Mere Membership in Racially Diverse Groups Reduces Conformity

Published

Journal Article

© The Author(s) 2017. Three studies assessed the impact of White individuals’ mere membership in racially diverse or homogeneous groups on conformity. In Study 1, White participants were randomly assigned to four-person groups that were racially diverse or homogeneous in which three confederates routinely endorsed clearly inferior college applicants for admission. Participants in diverse groups were significantly less likely to conform than those in homogeneous groups. Study 2 replicated these results using an online conformity paradigm, thereby isolating the effects of racial group composition from concomitant social cues in face-to-face settings. Study 3 presented a third condition—a diverse group that included one other White member. Individuals conformed less in both types of diverse groups as compared with the homogeneous group. Evidence suggests this was because Whites in homogeneous (vs. diverse) settings were more likely to reconsider their original decision after learning how other group members responded.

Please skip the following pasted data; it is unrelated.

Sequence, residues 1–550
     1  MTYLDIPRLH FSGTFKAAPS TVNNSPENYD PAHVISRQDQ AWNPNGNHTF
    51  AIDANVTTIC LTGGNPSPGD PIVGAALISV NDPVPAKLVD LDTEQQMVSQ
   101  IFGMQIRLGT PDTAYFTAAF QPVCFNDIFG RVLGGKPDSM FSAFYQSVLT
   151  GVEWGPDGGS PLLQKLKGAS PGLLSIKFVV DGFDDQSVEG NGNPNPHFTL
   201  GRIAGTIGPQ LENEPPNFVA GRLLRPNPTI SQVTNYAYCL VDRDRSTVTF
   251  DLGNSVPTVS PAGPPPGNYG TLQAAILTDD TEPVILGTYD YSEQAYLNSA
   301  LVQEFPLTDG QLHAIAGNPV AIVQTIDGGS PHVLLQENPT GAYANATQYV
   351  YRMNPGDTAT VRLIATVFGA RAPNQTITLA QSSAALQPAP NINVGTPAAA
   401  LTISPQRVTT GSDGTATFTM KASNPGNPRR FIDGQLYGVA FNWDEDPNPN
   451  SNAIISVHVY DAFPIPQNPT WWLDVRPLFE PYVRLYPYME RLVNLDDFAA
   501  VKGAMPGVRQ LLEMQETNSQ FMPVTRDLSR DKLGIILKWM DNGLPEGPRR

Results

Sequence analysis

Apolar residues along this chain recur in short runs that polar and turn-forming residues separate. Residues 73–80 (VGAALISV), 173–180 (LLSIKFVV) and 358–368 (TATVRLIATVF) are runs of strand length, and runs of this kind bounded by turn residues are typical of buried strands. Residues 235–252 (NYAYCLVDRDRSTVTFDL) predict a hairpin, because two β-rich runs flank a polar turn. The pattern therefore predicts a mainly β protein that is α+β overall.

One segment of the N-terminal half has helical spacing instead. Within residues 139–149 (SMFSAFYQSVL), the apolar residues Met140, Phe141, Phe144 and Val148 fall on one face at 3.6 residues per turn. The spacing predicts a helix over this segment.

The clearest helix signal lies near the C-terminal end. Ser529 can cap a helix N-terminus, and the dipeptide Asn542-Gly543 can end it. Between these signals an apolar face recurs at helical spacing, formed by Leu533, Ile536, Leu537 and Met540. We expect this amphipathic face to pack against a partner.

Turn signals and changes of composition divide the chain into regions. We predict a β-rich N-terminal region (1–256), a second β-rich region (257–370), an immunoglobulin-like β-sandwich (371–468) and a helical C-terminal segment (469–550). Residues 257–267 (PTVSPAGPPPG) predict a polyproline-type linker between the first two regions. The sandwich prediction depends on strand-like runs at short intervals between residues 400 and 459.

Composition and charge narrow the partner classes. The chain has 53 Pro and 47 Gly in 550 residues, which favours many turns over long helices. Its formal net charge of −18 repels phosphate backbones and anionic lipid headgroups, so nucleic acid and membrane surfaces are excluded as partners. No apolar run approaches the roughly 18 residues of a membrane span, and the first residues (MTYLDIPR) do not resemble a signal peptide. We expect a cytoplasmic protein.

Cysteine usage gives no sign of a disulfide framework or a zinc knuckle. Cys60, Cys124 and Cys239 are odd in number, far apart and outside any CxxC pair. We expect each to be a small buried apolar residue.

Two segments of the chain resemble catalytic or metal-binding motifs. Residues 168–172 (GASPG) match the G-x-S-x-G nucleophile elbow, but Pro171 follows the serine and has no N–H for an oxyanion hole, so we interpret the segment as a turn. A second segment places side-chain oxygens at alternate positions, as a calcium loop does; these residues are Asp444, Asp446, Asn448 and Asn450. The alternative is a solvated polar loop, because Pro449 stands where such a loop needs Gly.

Full Text

Duke Authors

Cited Authors

  • Gaither, SE; Apfelbaum, EP; Birnbaum, HJ; Babbitt, LG; Sommers, SR

Published Date

  • May 1, 2018

Published In

Volume / Issue

  • 9 / 4

Start / End Page

  • 402 - 410

Electronic International Standard Serial Number (EISSN)

  • 1948-5514

International Standard Serial Number (ISSN)

  • 1948-5506

Digital Object Identifier (DOI)

  • 10.1177/1948550617708013

Citation Source

  • Scopus